Let us introduce you to a movement that seeks to narrow the chasm between Americans and where their food comes from.
In Mexico, where it was created, they call it cajeta. It was the sweetest answer to a sour problem of spoiled milk. Long before refrigeration, on the hot, volcano-studded plains of central Mexico, families with goats needed a way to preserve the milk their animals gave. They collected la leche in cauldrons, added sugar and cinnamon, and then stirred the concoction for hours over a fire. A tangy, viscous sauce resulted: caramel, but with a kick—a personality, almost. Goat’s milk was more delicate than cow’s milk, more vulnerable to its surroundings. Each batch of cajeta was unique. The pine needles or berries the goat ate, the climate, even the goat’s temperament and, perhaps, the cook’s mood affected its taste.
“There’s no crying in the caramel room,” Hannah Reid ’04 told me one October afternoon. “If you’re upset while making caramel, the caramel goes bad.” She was bustling around a small production kitchen in Brookfield, Vermont. There were stainless steel counters and windows looking out on a greenhouse barn filled with some 50 goats. Six copper cauldrons, each filled with boiling cajeta, sat on burners. Reid, who is 31, was wearing a T-shirt, shorts, and rubber clogs. A tiny tattoo of a bear adorned her right ankle; her long brown hair was tucked under a net.
Using a refractometer to measure sugar concentration in the cajeta, she darted back and forth across the room. Reid’s stepmother, Judith Irving ’71, and her coworker, Katie Sullivan, were slowly stirring the cajeta with long wooden paddles. They had been stirring for six hours. The room was hot, and the air itself felt sugared. “I love reaching the top of the hill between the house and the caramel room when the breeze becomes sweet, and I can tell what flavor we’re making,” Reid said. “Cinnamon has the strongest smell.”
Fat Toad Farm began as a hobby in 2006 for Reid’s father, Steve, her stepmom, and her stepsister. Reid was living with her husband, Tim Sinnott ’02, in San Francisco, where she worked for a consulting firm . As an undergraduate, she had spent a semester in Johannesburg, which had “a profound effect on my view of the world and my own role in it,” she said. She had worked for several nonprofits and admired her colleagues’ ideals. Still, she wanted to do something more tangible. Having grown up in rural Vermont, she had always been interested in the natural world, and her family’s cajeta business was taking off. Going home was an easy call.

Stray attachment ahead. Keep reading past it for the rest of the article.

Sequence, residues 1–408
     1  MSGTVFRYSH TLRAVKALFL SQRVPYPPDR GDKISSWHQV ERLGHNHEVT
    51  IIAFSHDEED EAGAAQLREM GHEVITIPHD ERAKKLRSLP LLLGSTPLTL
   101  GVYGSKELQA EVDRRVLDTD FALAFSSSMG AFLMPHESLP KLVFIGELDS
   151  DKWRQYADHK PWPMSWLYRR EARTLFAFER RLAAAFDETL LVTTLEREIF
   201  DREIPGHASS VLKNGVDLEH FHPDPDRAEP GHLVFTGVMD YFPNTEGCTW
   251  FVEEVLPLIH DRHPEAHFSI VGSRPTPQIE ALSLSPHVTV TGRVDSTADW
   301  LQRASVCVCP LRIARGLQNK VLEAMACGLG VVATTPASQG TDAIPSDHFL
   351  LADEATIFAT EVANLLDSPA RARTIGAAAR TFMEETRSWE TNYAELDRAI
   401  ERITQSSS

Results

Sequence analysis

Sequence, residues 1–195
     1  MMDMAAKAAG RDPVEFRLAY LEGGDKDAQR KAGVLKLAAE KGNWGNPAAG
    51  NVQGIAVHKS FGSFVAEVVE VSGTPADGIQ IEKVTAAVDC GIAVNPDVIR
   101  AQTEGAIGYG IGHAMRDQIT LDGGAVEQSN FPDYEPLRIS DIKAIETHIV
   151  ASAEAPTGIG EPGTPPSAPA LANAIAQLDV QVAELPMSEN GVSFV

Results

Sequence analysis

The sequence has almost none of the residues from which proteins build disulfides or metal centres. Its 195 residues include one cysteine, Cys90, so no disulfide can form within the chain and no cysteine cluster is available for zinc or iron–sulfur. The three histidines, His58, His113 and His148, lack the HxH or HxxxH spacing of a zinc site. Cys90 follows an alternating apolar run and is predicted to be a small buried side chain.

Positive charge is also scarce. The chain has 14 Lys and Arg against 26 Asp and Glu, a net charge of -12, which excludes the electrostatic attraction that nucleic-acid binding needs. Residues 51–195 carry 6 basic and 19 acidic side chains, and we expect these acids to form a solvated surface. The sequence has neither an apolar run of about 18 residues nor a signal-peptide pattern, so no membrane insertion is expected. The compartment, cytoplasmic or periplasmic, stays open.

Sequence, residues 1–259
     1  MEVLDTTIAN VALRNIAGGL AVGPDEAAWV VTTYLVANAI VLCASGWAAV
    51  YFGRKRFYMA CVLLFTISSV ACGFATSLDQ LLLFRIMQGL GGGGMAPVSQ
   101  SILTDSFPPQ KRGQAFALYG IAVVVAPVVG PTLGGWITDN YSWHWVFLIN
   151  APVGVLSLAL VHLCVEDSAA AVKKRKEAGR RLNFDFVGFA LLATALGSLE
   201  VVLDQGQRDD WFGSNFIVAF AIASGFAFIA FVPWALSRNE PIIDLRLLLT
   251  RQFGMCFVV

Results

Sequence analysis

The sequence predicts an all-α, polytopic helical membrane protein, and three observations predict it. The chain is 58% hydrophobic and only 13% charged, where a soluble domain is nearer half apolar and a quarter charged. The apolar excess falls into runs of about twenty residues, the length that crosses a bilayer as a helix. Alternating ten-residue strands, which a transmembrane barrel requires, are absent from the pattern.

Fat Toad was the first farm to handcraft and sell cajeta in the U.S. They package it in small glass jars; the label features a toad drawn by their neighbor, the New Yorker cartoonist Ed Koren. It’s sold nationwide by cheese mongers, specialty groceries, and stores like Whole Foods and Williams-Sonoma. Fat Toad is still one of only a very few purveyors that make farmstead goat’s milk caramel, meaning they use milk from their own goats instead of buying it elsewhere. As it happens, another Middlebury couple, Louisa Conrad, who was in Reid’s class, and Lucas Farrell ’03, are in this same tiny group. It must have been something in the water.
Humans painted goats on cave walls in northern Spain 15,000 years ago and started milking them 10,000 years ago in the mountains of present-day Iran. In 1637, on the island of Manhattan, an observer wrote that the New Netherlanders “keep more goats than sheep . . . and because they cost little, they are of importance to the new settlers and planters, who possess small means . . . [T]he young castrated tups afford fine, delightful meat, which is always in demand.” Goat meat is still the most widely consumed meat in the world, despite its scarcity on U.S. menus.
Until 30 years ago, American goat dairies were virtually nonexistent. Then chèvre became popular in the early 1980s, thanks to some enterprising French exporters. A California goat farmer named Laura Chenel went to France to learn to make chèvre and sold her first big order to Alice Waters, the owner of Chez Panisse, in 1981. More domestic goat cheese makers followed. In Vermont, since 1993, the number of commercial goat dairies has quadrupled to 32. “Small dairies that make artisanal cheese: that’s where the growth in Vermont dairy is,” Steve Reid told me.
Vermont’s traditional cow dairies are disappearing. At the end of the Second World War, there were 11,000 in the state. Today, about 1,000 remain. Production costs—for fuel, fertilizer, and especially for grain—have risen, while the price of milk, which is federally regulated, often remains low. Chuck Ross, Vermont’s secretary of agriculture, told me, “Where farmers get caught is when the public-policy framework does not provide a sufficient margin between input and output costs.” Smaller farms cannot compete with industrial farms’ efficiencies of scale.
Goats, however, suit small farms. They need much less land and grain than cows. They don’t require grassy fields. It’s a myth that goats will eat anything, but they do eat brush. In fact, goats “are happiest in brush,” one farmer told me. “At this point, we have to fence off trees we want to keep so they don’t eat them.” (Rent-a-goat agencies for clearing land or controlling weeds are not uncommon.) Goat-milk prices are, moreover, not regulated or tied to a commodity market. As Chuck Ross explained it, “Goat dairies have the ability to find their own market, build their own market, and add value to their milk through processing.” Processing means, in this case, making artisanal products like chèvre and cajeta.